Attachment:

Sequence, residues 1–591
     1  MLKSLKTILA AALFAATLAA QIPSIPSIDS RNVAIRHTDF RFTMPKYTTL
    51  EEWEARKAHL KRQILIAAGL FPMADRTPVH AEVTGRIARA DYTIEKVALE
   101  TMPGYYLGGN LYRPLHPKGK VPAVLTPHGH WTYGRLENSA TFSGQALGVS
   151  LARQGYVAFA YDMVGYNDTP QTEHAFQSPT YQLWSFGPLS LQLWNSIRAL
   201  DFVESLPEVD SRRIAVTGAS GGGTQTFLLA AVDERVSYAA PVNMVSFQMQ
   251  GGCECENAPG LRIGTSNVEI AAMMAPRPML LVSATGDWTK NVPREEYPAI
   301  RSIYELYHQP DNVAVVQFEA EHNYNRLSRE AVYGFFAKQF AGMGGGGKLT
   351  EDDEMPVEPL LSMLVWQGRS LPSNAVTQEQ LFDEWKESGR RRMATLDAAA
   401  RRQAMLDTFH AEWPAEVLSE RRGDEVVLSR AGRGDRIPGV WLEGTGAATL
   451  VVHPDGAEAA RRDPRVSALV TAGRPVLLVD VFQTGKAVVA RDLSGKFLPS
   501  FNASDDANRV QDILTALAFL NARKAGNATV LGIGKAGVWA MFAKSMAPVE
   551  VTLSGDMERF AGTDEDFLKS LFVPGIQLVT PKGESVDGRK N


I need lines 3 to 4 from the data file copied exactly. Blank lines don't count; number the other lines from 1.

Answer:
    51  EEWEARKAHL KRQILIAAGL FPMADRTPVH AEVTGRIARA DYTIEKVALE
   101  TMPGYYLGGN LYRPLHPKGK VPAVLTPHGH WTYGRLENSA TFSGQALGVS